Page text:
NorthWind 100: New Turbine Powers Up

By Seth Kantner

The spring storms off the sea ice spun Kotzebue Electric Association’s new NorthWind 100 wind turbine into action last month, producing the machine’s first kilowatt of commercial power in the world. The NorthWind 100, a nearly quarter-million dollar next-generation prototype built by Northern Power Systems came online in Kotzebue in mid-May.

The wind turbine system recently installed in Kotzebue won R&D Magazine’s “R&D 100 Editors’ Award” in 2000. Only two other similar turbines exist – the first with the manufacturer in Vermont, and a second in Colorado at the National Renewable Energy Lab.

“It’s nice to demonstrate other equipment that can work in rural Alaska,” says KEA General Manager Brad Reeve.

The electric cooperative was assisted financially by the manufacturer, the U.S. Department of Energy and by NASA, says Matt Bergan, engineer in charge of KEA’s award-winning wind program. “(NASA is) monitoring recorded data through a dedicated computer at the site.”

NASA is interested in wind turbines for possible use on Mars, although the 45,000-pound turbine and tower still remain prohibitively heavy.

The machine was shipped to Kotzebue last summer not by space shuttle, but by old-fashioned, ocean-going barge. The pilings, which add a further ten thousand pounds, were drilled into the permafrost in April. The next prototype of the turbine, according to Bergan, is bound for Antarctica. “It (Kotzebue) is not as extreme,” says Bergan, referring to cold weather testing, “but it’s getting there.”

“We’ve maxed it out at 120 kw,” he says. “It shut itself down.” Bergan goes on to explain that at sea level air is denser — as is the colder air in Kotzebue — than the air at the test site in Colorado. This caused the turbine to exceed its 100kw recommendation at a mere 36mph.

The machine is tuned to the location, which in this case means a stronger field current to make the turbine harder to turn and to effectively slow it down. Internally, the NorthWind 100 is braked by increasing electrical resistance, and is also assisted by a disc brake as large as a washtub. One selling point of the new machine is that the tower is tubular and the turbine is enclosed in a steel box. Unlike KEA’s other ten wind generators — the 66kw Atlantic Orient Company turbines — all maintenance on the Polar 100 can be done out of the elements. “It’s still cold in there,” says Bergan. “There’s no insulation, but you are out of the wind, rain, snow.”

Bergan explains that KEA does most of the required annual maintenance on their wind turbines in the summer. “If there is a problem, I think it (the NorthWind 100) will be harder to fix, more expensive to fix.”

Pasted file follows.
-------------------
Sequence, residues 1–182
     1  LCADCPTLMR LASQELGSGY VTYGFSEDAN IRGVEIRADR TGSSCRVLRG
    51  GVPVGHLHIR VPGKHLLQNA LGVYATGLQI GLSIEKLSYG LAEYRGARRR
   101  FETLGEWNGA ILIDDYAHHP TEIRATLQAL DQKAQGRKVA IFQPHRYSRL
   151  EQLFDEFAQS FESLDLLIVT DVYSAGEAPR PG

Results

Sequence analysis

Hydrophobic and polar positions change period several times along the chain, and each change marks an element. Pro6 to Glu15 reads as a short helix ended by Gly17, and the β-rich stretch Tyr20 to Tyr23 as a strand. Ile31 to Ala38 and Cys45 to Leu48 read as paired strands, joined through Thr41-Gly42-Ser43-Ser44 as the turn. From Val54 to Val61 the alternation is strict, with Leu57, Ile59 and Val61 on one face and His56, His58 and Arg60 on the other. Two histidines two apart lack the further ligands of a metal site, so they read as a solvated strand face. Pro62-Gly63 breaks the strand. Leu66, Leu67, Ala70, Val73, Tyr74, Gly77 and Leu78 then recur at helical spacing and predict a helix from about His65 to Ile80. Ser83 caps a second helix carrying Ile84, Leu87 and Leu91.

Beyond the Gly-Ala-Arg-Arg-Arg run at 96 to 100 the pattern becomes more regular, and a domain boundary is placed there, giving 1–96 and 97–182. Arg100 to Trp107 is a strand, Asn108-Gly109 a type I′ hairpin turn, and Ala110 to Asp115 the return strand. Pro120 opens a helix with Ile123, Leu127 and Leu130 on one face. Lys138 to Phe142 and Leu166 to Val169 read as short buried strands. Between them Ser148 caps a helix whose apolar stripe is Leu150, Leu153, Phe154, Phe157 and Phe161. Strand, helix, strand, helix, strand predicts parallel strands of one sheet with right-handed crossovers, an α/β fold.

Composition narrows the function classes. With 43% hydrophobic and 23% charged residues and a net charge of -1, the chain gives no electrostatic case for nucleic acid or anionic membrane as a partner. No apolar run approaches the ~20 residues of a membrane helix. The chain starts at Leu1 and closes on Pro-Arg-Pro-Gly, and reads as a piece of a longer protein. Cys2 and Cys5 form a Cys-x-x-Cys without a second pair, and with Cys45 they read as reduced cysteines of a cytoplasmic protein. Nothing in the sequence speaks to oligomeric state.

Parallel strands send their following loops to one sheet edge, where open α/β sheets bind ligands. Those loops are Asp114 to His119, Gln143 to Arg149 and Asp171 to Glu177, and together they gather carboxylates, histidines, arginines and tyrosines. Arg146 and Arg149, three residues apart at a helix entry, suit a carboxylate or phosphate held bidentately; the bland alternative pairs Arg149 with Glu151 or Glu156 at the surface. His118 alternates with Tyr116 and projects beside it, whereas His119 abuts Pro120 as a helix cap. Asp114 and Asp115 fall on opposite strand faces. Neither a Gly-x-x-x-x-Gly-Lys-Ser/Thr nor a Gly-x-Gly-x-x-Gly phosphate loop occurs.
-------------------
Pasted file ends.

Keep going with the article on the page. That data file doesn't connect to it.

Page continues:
“It’s a much more complicated wind turbine,” Bergan says, comparing the Northern Power Systems machine to the $75,000 AOC’s. “There’s lots more wiring. Lots more controls.” For example, the generator does not have a tail fin to point it into the wind as smaller traditional upwind generators do, nor does it simply track like the three-blade downwind models. It instead relies on sensors that monitor wind direction and transmit this information to a motor that rotates the entire encapsulated turbine to face the blades into the wind.

Bergan shrugs when asked about long-term reliability, and admits it’s an unknown. Design life, he says, is rated at 20-30 years. This is tied to how many million-revolutions the bearings can turn, and on the length of the loan. “It’s interesting how finance and engineering co-mingle.”

Other than an initial oil leak in the rotation device, he says the NorthWind 100 is working well and produces not only more power than the AOC’s, but begins spinning at a lower wind velocity.

NASA’s interest in wind systems is for possible future use on Mars where Martian global dust storms can darken the red planet for a month at a time. Although at the present cost of roughly $10,000 per pound to place a payload in low-earth orbit, the 45,000 pound generator and tubular tower still remain far too heavy to ship to Mars. “There’s a lot of emphasis right now to develop lower cost heavy-mass launch vehicles,” says NASA scientist David Bubenheim.

On Earth, wind speed of about 10 meters (33 feet) per second is needed to make electricity while on Mars about 30 meters (98 feet) is needed because of the extremely thin air, says Bubenheim. The key issue at the South Pole, Mars and Alaska is maintainability in extreme environments, he says. Wind machines must be able to operate in conditions of low temperature, frost and the presence of abrasive materials such as sand.